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 A better choice of the type of content to effectively target market segments thereby minimizing the waste inherent in a one-size-fitsall approach;  Decreased likelihood that the white paper is viewed as "self-serving" by prospective clients;  A more systematic lead generation and sustainable content marketing strategy. Knowing what your prospects need takes competitive intelligence and audience analysis. Surveys or polls of existing clients might provide indications of what works. Ultimately, investing in audience analysis pays off by improving the overall ROI in white paper production.


Based on my survey, there is the lingering misconception that business white papers are about products and features. There is nothing wrong with product description. However, in terms of marketing publications, the job of selling product features belongs to brochures. In general, when prospects read white papers, they expect to find answers to the perennial question: what’s in it for me (WIIFM)?

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In anticipation of the WIIFM query, smart content marketers focus on tangible business benefits that appeal to prospects rather than on product features and functions. Benefits expressed in terms of outcomes of better resource allocation are particularly compelling. Examples include:       Savings in employee time; Lower production cost; Productivity gains; Best industry practices; Risk mitigation; Improved ROI.

Practically all of these benefits result from helping prospects do their jobs or run their businesses more efficiently. They represent promises that, if substantiated, will be hard to resist by most prospects. Benefits are critical for initiating a relationship with prospects. White papers that deliver this successfully help minimize or even eliminate the need for hard selling. Such white papers become viral marketing tools.


Judging by my survey, many IT white papers have a language relations problem. On the one hand, some include explicit use of hype and pressure to push sales.
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This is a technique popular among direct marketers. On the other hand, some of the white papers are full of jargon, which might suggest that only subject-matter experts need apply. This is a fallback to the traditional technical report format. However, if the goal is to build trust and facilitate the sales process, neither hype nor jargon would consistently deliver lasting results. So what language works? To return to the response to proposal (RFP) analogy -one of the unspoken rules of proposals is the rule about the right language. To merit any consideration, a proposer must adopt the tone deemed appropriate to the requirements of the RFP. In essence, this means that in an RFP process, the prospective client defines the right language. Factors, such as the client’s subject-matter expertise, the technicality of the project, and the intended use of the final report, suggest the right language for a successful proposal. In the arena of white paper writing, determining the appropriate tone has all of the same considerations. A compelling business white paper uses the tone that matches the following criteria:

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 the subject-matter expertise of the target audience/reader;  the expectations of influencers and decision-makers regarding, among other things, a balance between technical and business specs;  the phase of the complex sales cycle. It is a tall order, but one that can be greatly facilitated by information garnered from market research and experience.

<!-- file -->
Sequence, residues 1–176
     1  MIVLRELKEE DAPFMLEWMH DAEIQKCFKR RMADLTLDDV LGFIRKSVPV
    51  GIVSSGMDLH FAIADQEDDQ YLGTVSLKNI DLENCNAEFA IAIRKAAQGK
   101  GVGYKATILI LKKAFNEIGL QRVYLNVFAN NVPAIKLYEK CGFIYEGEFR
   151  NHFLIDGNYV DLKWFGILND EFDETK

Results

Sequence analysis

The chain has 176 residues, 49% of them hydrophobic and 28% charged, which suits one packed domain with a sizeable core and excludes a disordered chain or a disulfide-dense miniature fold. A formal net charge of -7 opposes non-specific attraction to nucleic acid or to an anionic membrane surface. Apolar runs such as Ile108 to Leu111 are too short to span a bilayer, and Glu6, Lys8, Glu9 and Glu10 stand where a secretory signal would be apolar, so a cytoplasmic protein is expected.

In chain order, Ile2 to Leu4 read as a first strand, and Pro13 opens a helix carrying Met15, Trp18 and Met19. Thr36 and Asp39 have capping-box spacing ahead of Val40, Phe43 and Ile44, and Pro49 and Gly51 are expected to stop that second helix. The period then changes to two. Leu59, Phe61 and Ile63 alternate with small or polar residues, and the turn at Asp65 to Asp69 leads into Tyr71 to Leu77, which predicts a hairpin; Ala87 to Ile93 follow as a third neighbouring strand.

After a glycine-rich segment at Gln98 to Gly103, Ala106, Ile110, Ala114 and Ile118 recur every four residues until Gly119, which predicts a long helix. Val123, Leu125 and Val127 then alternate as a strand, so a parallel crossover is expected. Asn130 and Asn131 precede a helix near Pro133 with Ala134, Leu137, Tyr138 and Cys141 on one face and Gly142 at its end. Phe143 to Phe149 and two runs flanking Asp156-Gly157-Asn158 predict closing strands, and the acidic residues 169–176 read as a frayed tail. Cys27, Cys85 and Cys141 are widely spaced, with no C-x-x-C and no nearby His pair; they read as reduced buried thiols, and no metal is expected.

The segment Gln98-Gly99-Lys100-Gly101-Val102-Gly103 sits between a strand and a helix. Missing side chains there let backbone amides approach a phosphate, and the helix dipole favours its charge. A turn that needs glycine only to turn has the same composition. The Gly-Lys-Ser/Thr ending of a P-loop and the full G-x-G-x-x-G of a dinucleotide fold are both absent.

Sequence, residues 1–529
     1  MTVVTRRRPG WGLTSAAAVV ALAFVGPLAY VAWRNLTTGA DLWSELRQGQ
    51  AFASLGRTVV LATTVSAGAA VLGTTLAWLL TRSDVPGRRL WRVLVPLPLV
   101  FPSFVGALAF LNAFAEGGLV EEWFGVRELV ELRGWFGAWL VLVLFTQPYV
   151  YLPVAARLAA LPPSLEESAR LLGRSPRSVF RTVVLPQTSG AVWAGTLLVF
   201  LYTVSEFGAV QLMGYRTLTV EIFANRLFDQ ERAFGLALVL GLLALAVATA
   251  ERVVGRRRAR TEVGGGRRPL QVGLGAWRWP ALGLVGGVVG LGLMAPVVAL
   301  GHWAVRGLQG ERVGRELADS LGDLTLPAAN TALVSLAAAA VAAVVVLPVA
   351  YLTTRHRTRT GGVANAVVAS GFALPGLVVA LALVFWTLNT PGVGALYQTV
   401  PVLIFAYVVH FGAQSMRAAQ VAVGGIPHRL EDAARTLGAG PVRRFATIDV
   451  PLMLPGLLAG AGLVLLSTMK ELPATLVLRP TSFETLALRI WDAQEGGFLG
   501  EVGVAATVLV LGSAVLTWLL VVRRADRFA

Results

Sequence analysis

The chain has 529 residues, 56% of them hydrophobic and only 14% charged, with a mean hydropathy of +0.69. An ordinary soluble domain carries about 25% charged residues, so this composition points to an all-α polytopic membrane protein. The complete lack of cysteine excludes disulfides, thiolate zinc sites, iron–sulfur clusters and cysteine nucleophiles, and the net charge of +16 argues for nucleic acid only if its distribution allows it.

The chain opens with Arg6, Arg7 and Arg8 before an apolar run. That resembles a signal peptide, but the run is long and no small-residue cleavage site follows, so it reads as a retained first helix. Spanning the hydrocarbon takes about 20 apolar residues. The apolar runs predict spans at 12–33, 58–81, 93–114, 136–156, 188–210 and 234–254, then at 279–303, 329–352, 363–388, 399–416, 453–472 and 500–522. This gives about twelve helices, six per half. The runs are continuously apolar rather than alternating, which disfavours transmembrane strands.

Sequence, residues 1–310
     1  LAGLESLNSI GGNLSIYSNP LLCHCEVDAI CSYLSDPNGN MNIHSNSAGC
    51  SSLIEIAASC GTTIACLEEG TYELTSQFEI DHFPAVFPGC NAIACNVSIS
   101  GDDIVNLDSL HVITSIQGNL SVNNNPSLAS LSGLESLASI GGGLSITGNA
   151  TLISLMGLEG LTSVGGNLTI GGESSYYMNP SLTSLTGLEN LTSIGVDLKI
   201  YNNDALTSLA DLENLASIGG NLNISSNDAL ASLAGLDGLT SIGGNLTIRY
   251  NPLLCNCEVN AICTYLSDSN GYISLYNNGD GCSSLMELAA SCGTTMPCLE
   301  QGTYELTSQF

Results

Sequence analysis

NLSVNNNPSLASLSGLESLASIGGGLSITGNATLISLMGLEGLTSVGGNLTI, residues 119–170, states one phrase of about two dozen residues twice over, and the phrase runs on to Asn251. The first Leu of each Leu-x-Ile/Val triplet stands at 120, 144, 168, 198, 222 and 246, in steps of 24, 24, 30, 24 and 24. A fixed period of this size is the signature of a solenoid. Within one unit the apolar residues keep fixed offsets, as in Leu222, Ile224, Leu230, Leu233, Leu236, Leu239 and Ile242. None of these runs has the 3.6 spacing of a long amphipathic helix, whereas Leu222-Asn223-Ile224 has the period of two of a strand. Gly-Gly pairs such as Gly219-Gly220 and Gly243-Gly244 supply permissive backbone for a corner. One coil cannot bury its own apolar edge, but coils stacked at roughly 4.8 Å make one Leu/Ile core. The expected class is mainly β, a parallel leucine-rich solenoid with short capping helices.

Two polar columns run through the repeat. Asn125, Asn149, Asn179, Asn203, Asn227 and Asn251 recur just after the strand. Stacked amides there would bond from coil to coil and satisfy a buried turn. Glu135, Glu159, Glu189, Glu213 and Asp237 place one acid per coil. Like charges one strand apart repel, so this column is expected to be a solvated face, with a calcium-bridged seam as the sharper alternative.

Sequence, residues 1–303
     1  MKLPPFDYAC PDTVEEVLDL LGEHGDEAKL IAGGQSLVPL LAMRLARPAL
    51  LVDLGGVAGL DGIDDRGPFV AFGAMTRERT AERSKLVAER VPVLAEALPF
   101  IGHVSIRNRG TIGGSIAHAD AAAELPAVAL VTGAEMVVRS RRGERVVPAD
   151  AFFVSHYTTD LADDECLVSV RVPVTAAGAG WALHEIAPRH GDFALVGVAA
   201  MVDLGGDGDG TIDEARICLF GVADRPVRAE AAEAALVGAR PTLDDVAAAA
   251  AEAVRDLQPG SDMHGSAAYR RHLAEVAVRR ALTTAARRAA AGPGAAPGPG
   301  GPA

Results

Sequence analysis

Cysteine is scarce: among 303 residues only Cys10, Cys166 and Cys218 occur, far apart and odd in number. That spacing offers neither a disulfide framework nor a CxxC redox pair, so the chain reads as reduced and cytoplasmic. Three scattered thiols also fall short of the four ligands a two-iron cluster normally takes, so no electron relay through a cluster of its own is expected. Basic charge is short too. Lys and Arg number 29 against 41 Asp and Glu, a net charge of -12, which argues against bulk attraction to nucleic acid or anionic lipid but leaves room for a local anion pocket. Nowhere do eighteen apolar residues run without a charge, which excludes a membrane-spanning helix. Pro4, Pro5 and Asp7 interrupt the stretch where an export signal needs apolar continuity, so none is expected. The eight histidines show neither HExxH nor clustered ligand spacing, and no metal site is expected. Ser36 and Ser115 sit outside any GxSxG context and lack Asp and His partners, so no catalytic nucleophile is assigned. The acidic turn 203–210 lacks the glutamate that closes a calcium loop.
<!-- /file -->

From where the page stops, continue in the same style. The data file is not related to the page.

DISTRIBUTION In general, white papers are text-heavy. The IT white papers in my survey sample were no different. However, long blocks of text, regardless of their information value, may not always appeal to time-constrained readers. The fix for this potential problem is relatively simple. Implementing a few formatting changes can significantly improve the readability of a white paper. Examples of formatting fixes include:  Inclusion of executive and concluding summaries, highlighting salient information;  Use of appropriate graphics and schematics;  Use of bullets that highlight major takeaways;  Use of callouts and highlighted text for emphasis;
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 Judicious use of photographs and illustrations that support the narrative;  Use of headers, page layout and font sizes that are easy on the eye. These changes break up an otherwise tedious long text and allow for a quick read, scanning, and easy recall of key points. Creating compelling content is important. Also essential is ensuring that the readers have easy access to the published reports. This makes the choice of distribution channels a critical component of the marketing strategy. Numerous options of distribution channels are available to white paper marketers, including:  posting the documents on the company website;  creating efficient archives that are easy to find and optimized for search engines;  incorporating buzz about the reports in email or newsletter marketing;  embedding links to download sites in corporate press releases and Blogs;  syndication of reports through third-parties that serve strategic markets Ensuring that the content of each white paper is evergreen allows the publisher to maximize the benefits of publicity generated from the various distribution

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channels. This goes back to the initial point about brainstorming and having a content marketing strategy.


Companies develop white papers because they are powerful marketing tools. How well these tools perform depends on the clarity of underlying marketing objective, and the adoption of a few winning essentials, such as an undivided focus on the target reader’s interests, use of an appropriate tone, and a distribution strategy that takes advantage of the long shelf life of well-written white papers. Here are some motivating thoughts:  Prospects have ample options as to where to get information – only sources perceived by them as credible and relevant will hold their interest.  Perceptive prospects know sales pitch when they see it.  The news is getting around that white papers are for soft selling. Hype is out.  Trust building is best achieved through creating and nurturing relationships with helpful and relevant information. Creating compelling white papers is an expensive process. It makes good business sense to ensure that nothing undermines the return on the investment.
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Rachel U. Agheyisi, the Executive Director of Report Content Writer (RCW), prepared this guide. RCW specializes in white papers and case studies used by IT companies for quality lead generation. If you need help developing these viral marketing tools, please contact Rachel at